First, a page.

Demi Lovato says family has ‘done an incredible job’ adjusting to nonbinary pronouns

Demi Lovato is opening up about their journey to start a podcast, sharing that the new platform has provided a way to engage with fans about topics they're passionate about from diet culture to gender identity.

The 28-year-old singer and host of 4D with Demi Lovato talked all about their new venture in a recent interview on Audacy Check In, sharing that they were motivated to launch a podcast because "I’m a very passionate person and I’m very outspoken about a lot of things that I believe in. And I feel like sometimes my message gets lost in translation, over text, whether it be over Instagram or Twitter or whatever"

Lovato continued, "I wanted to have conversations that show people, I really am invested in making this world a better place, making it a more loving place, a more compassionate place. And I feel like this platform provides me a stage to talk about the things that I’m passionate about in a way where you can see that it’s never coming out of malice, it’s never coming out of hate, it’s just coming out of a place of wanting to make the world a better place."

Lovato went on to share that the recent controversy around critiques they made about an LA-based frozen yogurt shop called The Big Chill was part of their realization that certain messages weren't coming across the way they meant them to.

"Because I was so passionate, I let my emotions get the best of me and it didn’t allow me to explain where I was coming from as easily as it would have been on a podcast," the singer explained. "I just thought, you know, going forward I want to have conversations where people can see my face, they can hear my voice, and they can see that I’m still learning as well as the rest of the world. I’m [by] no means an expert on many, many things. But I’m willing to learn about it and I’m willing to continue to have conversations that either educate me or others on how to make this world a better place."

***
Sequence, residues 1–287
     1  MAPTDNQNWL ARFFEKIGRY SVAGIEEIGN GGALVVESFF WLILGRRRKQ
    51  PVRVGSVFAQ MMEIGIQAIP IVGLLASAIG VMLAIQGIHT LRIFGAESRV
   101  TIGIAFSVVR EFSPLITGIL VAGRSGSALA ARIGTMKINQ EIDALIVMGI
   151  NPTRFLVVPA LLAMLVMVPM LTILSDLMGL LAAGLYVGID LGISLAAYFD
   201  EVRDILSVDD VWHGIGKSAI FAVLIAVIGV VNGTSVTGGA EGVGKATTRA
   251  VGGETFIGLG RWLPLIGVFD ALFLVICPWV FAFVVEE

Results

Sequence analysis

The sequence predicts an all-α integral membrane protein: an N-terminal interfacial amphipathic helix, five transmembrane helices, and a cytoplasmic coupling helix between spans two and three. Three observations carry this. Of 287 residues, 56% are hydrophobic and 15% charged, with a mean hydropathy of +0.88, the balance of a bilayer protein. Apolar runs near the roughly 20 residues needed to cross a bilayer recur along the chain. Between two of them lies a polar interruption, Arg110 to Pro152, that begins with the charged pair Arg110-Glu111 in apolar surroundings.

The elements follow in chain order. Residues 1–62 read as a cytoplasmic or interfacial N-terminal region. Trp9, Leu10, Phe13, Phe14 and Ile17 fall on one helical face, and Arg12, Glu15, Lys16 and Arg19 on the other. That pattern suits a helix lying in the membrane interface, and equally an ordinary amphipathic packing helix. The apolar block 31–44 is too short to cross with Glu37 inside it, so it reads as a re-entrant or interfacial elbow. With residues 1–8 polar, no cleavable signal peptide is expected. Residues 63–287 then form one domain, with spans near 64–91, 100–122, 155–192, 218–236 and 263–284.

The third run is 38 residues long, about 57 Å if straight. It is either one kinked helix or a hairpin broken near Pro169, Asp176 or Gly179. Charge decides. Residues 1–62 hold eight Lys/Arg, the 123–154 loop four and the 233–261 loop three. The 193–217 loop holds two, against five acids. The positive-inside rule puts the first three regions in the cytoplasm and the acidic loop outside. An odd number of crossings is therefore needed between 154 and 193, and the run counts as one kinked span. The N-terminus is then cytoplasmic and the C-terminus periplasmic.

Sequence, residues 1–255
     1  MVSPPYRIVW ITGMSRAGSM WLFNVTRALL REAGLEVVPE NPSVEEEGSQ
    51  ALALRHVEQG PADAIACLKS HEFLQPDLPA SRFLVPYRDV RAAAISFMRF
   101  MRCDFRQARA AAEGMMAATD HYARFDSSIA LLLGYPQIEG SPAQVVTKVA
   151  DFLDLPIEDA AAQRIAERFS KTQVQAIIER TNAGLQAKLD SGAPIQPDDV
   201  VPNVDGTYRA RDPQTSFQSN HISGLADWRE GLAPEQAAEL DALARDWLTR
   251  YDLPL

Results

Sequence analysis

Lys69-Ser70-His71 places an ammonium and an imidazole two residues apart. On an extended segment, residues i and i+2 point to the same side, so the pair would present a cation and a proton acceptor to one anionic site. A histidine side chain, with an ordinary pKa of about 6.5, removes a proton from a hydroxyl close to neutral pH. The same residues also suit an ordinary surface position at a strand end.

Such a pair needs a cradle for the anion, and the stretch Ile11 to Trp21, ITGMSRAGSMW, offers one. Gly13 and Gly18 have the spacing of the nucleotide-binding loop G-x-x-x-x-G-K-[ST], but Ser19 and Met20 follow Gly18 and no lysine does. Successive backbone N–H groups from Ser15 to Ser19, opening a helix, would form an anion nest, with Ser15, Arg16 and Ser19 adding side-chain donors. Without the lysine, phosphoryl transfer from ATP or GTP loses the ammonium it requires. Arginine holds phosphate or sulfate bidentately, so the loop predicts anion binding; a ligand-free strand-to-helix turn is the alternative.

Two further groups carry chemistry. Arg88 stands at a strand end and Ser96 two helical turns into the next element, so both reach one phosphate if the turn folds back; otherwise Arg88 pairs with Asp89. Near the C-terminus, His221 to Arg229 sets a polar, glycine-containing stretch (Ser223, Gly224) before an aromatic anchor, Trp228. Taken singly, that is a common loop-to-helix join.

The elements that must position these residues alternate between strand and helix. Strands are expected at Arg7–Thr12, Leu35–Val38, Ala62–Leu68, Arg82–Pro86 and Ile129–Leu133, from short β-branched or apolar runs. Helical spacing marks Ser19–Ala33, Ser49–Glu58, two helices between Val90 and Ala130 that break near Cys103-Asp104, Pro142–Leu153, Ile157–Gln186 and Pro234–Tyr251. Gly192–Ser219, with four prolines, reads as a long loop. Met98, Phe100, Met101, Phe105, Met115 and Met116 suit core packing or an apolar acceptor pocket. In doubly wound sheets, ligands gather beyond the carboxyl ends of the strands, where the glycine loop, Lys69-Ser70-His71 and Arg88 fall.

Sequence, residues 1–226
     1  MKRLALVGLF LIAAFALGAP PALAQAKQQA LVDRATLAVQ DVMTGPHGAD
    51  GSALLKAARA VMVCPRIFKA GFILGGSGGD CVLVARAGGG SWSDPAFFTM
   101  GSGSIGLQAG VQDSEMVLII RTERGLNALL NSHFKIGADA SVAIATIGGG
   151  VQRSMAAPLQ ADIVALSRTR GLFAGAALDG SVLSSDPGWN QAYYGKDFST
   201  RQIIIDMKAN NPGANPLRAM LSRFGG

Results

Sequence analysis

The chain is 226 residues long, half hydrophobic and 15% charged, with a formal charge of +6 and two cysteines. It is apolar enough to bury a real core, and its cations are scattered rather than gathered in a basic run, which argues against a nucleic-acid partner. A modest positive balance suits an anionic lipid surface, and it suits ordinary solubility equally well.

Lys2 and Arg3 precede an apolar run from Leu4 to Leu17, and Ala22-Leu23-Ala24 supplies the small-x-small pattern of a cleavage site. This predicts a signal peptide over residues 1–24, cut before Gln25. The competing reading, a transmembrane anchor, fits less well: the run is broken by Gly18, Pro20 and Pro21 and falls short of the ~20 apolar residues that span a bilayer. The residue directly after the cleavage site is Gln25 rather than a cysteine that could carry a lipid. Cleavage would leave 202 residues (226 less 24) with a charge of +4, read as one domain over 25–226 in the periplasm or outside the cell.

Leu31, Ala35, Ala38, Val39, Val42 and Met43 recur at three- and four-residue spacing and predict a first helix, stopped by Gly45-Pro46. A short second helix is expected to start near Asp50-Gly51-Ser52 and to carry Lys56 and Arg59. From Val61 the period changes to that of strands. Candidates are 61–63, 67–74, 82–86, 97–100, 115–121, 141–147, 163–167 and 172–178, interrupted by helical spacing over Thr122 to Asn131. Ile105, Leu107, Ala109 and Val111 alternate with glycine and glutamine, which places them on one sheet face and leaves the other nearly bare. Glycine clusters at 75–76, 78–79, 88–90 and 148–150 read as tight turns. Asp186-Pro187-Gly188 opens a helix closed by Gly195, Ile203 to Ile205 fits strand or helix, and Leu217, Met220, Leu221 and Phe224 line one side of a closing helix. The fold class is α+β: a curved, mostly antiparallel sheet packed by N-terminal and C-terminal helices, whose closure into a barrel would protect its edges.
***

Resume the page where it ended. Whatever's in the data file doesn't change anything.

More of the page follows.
Lovato also spoke to their recent coming out as nonbinary, sharing that it was the result of deep self-exploration and research that they've taken part in over the past year and a half. That too, they shared, is something that they feel is important to speak about on this new platform.

"Since I’ve learned about gender identity more and learning about being nonbinary or gender nonconforming, I’ve used this time to really explore what feels right to me. And after a year and a half of exploration, I realized it was time to let the world know that it feels weird to me when I get called a 'she' or a 'her,'" Lovato said. "I understand that people might have a hard time adjusting to it because it is something new, but I want to encourage people to keep trying and that I understand that it’s a process to get used to."

Lovato went on to admit, "Sometimes I still mess up myself," and even spoke about some learning curves when it comes to gendered nicknames that friends use. "My friends have had a little harder time to get used to it actually, just because I think your friends are the ones that you’re more likely to be like, ‘bi***.’ And so, I’m like, look, you can still call me 'bi***,'" she joked. "And there are times where I might have to choose. ... I was in Texas and I was like, 'does that make me a cowgirl or a cowboy?' I was like, 'I don’t wanna be a cow human so I’m just gonna go with cowgirl.'"

When it comes to family, Lovato said relatives have "done an incredible job" adjusting.

"I’ve noticed [older sister, Dallas] using 'them' and 'they' and it just, it really does warm my heart up that people are trying," Lovato said. "I used to identify family as blood-related, and now my queer family has become more family than friends. And I feel like I now have two families. I have my blood relatives and then I have my queer family, and that family to me is the chosen family."

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